Body of Music: (Watercolour on paper, dimensions: 114 x 33.5cm)
This work was made in response to the 16th century Hill Collection of stringed instruments in the Ashmolean Museum. I was intrigued by the fact that many of these instruments have human, often female carved heads. I found their status in the museum also fascinating. They are historical objects that are part of visual culture, part of a tradition and craft of carving instruments from wood and a tradition of composing classical music and of playing it. These instruments presented me with interesting thoughts about their hybrid identities. They are anthropomorphic. It is as if they are half human half instrument, inanimate but animated by the material consciousness of a player, craftsman/maker.
These instruments sit between the categories of craft and high art. They conjure up the confusions and interconnectedness of body/matter and ‘spirit’, and the relationship of mind and hand. It was a piece of work that allowed me to research/examine the relationship between the body and the musical instrument.
I spent time taking photographs and drawing patterns and textures from the bodies of various instruments, their shapes and ornamentation.
The final painting is a fictional fantastical hybrid creature. A hybrid also of ‘facts’ taken from the collection and fictions, with a body made of three parts, each with its own ornamented ‘sound hole’ with a carved rose within, resembling sphincters or valves, that affects the sound and leads to the resonating/amplification chamber.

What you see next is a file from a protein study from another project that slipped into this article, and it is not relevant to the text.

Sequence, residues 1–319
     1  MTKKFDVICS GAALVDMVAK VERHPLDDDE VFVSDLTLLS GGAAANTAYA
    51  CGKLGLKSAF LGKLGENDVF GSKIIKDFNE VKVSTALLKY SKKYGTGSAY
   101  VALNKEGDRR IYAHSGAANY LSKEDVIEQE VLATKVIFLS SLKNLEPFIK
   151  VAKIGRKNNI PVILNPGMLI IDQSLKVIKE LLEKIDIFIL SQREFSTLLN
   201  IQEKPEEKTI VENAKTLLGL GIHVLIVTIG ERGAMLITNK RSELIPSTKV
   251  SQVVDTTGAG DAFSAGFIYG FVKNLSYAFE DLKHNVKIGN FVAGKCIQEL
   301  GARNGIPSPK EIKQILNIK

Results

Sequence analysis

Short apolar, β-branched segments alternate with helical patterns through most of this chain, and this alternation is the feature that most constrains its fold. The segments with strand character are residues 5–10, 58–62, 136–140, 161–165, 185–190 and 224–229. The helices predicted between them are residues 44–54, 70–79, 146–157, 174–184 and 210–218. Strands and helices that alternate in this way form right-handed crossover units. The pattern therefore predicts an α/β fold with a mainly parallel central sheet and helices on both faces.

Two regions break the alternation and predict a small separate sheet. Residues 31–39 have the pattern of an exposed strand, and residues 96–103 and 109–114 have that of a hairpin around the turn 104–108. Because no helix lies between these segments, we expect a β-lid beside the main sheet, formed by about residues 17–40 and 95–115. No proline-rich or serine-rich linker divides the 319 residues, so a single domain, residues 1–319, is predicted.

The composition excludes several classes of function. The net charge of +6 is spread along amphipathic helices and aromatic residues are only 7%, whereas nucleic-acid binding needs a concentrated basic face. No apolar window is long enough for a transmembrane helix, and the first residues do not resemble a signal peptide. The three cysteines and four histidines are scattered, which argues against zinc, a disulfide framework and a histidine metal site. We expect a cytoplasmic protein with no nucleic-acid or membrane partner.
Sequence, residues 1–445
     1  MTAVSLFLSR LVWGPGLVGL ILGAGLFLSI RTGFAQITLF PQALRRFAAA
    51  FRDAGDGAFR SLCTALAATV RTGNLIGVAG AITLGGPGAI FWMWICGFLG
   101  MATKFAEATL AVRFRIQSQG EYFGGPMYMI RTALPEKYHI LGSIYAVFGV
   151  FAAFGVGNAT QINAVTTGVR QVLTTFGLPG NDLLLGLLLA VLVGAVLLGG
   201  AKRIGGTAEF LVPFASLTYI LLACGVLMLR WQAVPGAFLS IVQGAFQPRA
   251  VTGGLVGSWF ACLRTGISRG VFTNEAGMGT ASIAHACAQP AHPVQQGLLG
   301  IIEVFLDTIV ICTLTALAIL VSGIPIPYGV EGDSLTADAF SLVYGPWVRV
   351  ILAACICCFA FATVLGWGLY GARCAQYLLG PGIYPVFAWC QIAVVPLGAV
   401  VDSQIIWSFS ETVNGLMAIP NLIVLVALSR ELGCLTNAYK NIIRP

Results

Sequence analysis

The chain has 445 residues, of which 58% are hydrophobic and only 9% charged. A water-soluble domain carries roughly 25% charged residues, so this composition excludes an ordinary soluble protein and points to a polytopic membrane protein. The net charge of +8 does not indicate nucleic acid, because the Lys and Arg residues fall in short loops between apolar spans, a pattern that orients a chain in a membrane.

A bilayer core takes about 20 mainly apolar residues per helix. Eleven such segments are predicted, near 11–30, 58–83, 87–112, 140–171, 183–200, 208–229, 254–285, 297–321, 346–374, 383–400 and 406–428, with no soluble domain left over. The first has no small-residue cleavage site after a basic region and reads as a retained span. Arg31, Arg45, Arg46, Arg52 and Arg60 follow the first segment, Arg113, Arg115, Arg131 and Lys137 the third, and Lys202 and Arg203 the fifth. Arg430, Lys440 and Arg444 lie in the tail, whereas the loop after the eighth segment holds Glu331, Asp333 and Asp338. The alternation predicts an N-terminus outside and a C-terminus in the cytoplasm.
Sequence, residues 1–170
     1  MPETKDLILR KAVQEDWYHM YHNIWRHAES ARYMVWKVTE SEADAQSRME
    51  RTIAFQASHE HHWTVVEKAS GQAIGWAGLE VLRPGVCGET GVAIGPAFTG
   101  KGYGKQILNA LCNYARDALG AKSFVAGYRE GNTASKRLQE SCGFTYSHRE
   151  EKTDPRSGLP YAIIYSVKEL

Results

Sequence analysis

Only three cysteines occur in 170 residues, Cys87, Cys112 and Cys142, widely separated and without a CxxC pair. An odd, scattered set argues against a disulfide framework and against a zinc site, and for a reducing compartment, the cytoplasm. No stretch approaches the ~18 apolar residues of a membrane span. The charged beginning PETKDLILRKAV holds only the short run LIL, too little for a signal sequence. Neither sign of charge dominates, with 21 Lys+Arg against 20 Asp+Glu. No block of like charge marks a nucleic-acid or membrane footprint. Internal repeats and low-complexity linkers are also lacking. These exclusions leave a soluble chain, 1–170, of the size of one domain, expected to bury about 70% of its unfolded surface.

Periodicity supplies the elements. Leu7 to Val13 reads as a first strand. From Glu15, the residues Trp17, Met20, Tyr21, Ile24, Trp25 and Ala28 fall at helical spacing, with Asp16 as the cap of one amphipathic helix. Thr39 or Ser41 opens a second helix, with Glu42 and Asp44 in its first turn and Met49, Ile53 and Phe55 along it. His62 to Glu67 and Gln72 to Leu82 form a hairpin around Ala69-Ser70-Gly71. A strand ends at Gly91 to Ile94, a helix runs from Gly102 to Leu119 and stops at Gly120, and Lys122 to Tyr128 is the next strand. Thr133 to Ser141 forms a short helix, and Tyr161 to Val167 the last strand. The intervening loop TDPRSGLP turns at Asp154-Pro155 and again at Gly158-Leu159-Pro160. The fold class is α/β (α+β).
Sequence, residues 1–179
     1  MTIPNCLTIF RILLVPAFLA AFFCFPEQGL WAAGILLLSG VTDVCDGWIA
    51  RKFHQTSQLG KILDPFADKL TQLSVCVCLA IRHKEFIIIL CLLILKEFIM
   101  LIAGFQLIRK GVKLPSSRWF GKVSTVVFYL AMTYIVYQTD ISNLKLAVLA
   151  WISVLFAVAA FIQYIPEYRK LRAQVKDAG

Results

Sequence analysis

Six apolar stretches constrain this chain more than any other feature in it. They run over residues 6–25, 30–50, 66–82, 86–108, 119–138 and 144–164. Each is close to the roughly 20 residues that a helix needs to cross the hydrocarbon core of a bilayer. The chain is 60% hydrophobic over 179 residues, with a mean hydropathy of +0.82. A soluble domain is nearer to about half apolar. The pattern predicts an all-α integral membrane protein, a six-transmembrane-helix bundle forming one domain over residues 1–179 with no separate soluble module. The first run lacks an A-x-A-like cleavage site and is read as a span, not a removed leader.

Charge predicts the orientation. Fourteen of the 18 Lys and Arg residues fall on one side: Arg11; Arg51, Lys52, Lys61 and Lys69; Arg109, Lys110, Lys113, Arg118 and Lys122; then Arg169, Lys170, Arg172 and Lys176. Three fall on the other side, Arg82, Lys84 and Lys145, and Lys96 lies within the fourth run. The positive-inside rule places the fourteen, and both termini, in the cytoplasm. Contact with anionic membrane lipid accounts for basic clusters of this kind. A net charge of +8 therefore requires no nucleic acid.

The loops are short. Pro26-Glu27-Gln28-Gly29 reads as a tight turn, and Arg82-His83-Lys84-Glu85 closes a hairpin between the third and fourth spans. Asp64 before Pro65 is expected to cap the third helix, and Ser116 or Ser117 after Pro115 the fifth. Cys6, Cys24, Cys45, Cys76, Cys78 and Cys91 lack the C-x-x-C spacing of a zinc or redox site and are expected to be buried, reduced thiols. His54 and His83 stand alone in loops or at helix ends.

Ornament and texture invoke touch/sensation via hand and eye and lead to understanding/knowledge. Intricate ‘sound material’ is painted around the instrument. The painting is accompanied by a text piece that is a tale about one of the instruments with a carved female head that speaks from inside her glass case, trapped and aging but is then brought to life by being played. It conjures up notions of the aging body, erotic associations of musical instruments, and plays with the age old metaphor of the human body as musical instrument/ideas of the wooden puppet brought to life (the incarnation of the inanimate).
I researched aspects of the craft of making such instruments. A kind of chiromancy or ‘reading’ of the forms of the wood could be equated with a kind of intimate touch knowledge of the instrument/body through the act of playing. These physical acts of making and touching are used by the brain/mind to construct concepts and metaphors for thinking and feeling. The right side of the brain perceives musical instruments as embodied rather than inanimate. I hybridized the fictional part of the tale with scientific information about how sound is heard/felt in the brain, information about dendrochronological methods used by museums to measure the age of such instruments, and types of wood. I used the synaesthesic confusions between touching, feeling, between sound patterns/rhythms and patterns of weaving material, between knots and sounds and the space in between or the intervals.
There are many conundrums in the work (painting and text) – what is material or real and what is not. It was a means to explore relationships between the body/mind and physical material world as well as the identity and status of different types of creativity and skills.